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Little tales of the desert.
by Ethel Twycross Foster
Start of Story
Part 6 A VISIT TO PALM SPRINGS
MOTHER was unused to the desert, so Father, having arranged his business
so he could leave it with Big Ben, the foreman, decided to take a
vacation and all were going over to Palm Springs for a few days.
Now, Palm Springs is in California near the great Mountain of San
Jacinto and it took a day and a half to get there. It was great fun for
Mary and Jack to get into a sleeping car and go speeding along over the
desert again. They recognized many of their old friends on the way, most
of whom they knew nothing about the last time they rode on a train. Then
it grew dark and they could no longer see out of the window.
The next morning after breakfast the conductor opened the door and
called out, "Palm Springs."
They hurriedly gathered together their bags and suitcases and left the
My! but wasn't it cold, and didn't the wind blow? Folks could hardly
stand straight and the wind was blowing right off the snow-capped
mountains that were all around the place, making it seem colder still.
Mary was hurried into the stage and before they had gone a mile their
faces were covered with sand blowing off the desert and you could never
have told that their clothes had ever been clean.
Palm Springs itself was five miles from the station, but suddenly the
wind stopped blowing and it was warm as summer, then pretty soon they
heard dogs barking and rode right through an Indian village.
Some of the squaws were making baskets, but most of them were out in the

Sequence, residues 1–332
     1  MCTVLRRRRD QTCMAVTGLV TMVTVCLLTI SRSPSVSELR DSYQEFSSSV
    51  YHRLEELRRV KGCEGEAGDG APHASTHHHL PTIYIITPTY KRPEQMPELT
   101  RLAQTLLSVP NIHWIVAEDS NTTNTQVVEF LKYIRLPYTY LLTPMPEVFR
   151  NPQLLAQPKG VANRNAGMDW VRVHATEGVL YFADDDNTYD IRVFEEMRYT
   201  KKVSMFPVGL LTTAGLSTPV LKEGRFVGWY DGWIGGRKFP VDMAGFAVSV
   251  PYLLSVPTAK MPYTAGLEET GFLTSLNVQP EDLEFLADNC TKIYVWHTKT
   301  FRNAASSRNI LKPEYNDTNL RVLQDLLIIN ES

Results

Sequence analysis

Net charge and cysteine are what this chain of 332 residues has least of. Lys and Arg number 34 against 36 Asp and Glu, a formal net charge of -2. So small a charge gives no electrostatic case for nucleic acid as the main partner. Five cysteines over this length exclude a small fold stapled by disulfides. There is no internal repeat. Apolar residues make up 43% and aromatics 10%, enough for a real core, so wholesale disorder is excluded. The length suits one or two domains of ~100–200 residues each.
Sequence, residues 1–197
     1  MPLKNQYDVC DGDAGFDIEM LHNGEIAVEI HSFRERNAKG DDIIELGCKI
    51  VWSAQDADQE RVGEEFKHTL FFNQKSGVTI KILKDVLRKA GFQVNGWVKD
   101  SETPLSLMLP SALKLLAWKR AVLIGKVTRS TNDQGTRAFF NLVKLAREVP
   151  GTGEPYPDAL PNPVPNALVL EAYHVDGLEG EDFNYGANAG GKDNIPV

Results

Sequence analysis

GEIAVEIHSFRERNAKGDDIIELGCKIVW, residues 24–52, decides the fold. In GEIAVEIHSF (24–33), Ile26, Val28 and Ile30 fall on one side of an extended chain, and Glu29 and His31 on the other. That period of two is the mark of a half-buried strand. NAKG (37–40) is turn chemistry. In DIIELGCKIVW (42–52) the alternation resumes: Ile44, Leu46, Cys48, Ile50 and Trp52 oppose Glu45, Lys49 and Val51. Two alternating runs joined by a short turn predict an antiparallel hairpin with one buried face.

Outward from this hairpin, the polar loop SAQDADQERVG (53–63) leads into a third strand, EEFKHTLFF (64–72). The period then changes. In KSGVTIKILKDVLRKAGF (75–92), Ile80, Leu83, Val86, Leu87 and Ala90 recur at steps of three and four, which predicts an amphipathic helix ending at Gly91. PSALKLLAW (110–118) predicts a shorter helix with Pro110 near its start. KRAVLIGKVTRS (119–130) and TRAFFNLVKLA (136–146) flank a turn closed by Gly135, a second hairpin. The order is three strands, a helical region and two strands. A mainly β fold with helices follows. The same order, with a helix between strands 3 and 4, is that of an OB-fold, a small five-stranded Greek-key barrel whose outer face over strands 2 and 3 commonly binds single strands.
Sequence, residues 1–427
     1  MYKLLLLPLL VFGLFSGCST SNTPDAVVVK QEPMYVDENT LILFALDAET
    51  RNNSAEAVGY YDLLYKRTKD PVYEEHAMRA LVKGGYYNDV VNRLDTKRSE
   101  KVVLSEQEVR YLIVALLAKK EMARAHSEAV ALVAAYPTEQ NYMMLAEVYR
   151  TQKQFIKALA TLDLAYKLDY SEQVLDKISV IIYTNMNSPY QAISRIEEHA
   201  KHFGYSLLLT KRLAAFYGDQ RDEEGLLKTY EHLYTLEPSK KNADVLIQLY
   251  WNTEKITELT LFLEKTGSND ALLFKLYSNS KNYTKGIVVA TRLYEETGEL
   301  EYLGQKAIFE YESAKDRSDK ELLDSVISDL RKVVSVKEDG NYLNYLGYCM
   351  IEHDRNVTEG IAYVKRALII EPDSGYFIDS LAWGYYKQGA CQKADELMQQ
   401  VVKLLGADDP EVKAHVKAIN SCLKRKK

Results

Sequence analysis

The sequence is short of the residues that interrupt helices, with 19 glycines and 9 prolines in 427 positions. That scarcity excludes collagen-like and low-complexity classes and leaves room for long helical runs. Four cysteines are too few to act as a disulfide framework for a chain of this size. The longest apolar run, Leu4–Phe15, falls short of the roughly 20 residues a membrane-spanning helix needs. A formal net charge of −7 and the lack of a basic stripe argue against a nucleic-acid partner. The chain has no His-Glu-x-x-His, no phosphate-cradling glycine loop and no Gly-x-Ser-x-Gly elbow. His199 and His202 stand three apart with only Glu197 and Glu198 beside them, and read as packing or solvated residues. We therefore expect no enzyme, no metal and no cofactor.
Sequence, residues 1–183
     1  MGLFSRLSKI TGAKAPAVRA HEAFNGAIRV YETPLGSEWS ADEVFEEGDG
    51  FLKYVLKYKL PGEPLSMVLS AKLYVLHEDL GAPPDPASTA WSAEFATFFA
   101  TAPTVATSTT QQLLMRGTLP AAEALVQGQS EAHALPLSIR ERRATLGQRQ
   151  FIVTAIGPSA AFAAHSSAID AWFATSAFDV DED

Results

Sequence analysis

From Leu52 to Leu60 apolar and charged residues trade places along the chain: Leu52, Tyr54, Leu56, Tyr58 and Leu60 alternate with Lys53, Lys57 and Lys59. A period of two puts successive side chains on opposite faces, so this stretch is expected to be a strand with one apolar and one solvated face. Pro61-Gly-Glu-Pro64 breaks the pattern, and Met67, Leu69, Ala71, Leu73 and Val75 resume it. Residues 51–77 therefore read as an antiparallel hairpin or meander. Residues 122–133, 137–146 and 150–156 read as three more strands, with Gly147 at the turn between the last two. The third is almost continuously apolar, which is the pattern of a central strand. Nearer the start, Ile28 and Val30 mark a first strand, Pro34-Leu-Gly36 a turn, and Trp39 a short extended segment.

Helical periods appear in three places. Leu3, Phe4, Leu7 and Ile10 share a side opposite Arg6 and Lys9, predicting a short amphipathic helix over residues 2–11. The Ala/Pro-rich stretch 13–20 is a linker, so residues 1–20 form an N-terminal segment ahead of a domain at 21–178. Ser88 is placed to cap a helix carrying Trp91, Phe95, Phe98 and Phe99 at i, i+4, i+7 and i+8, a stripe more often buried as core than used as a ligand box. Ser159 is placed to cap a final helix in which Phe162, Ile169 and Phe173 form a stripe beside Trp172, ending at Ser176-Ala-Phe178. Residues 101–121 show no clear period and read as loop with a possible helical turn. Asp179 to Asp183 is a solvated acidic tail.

fields working just like men. Imagine Mamma doing work like that. It was
interesting to see them, though, especially the little papooses being
carried in a little box fastened to the mother's back.
Just beyond was Palm Springs settlement itself, with lots of tents,
several houses, a store and a hotel. They stopped at the hotel, and
after dinner looked around the funny little store where they sold a
little of everything while a phonograph ground out wheezy music. They
visited the funny little cottages with their roofs and sides all covered
with big palm leaves instead of boards. Then they went up to the hot
There was a stream of water shooting up in the air part of the time, but
generally just bubbling up a little higher than the pond itself, which
was about six feet wide and ten feet long. It didn't look deep, but the
man at the springs told them the center shaft was sometimes as big as a
well and no one knew how deep. Father had been there before and he
wanted to take Mary into the spring, so with Jack they hired bathing
suits and went down. It was very funny. They thought, of course, it was
going to be deep, but the bottom was hard sand, and the water just
covered their ankles. Father took Mary in first, but the water did not
become deeper, but all at once the sand gave way. Father said it was
quick sand which somewhat frightened her, but he didn't seem scared so
she tried not to be. They went down and down into the sand which seemed
to tighten around them, when all at once, when Mary was up to her
shoulders, the spring gave a gurgle and tossed them out into shallow
Mary was frightened, but the rest laughed at her, especially
Jack, who was fourteen and thought he was almost a man. He said he could
walk around in it all right--the old water could not toss him up like
that. It was just bubbling over a little then, so he marched boldly in.
But when he felt the warm watery sand hugging him tighter and tighter
and sucking him down, he thought surely he was lost and wished he had
not bragged. But just then the spring gurgled louder and a high stream
shot up and in it was Cousin Jack, who landed safe and sound beside
them. I can tell you he was a happy boy.
They soon became accustomed to the idea and spent an hour of fun wading
in and being gently but firmly tossed out. Then they went back to Dr.
Murray's Hotel where Mother met them at the door. After a supper of
fresh eggs, nice biscuits, strawberries and cream, they retired to their
tent and when all were in bed Father rolled up the sides so they could
look out at the stars and breathe the fresh, warm air softly blown to
them by the gentle mountain breezes.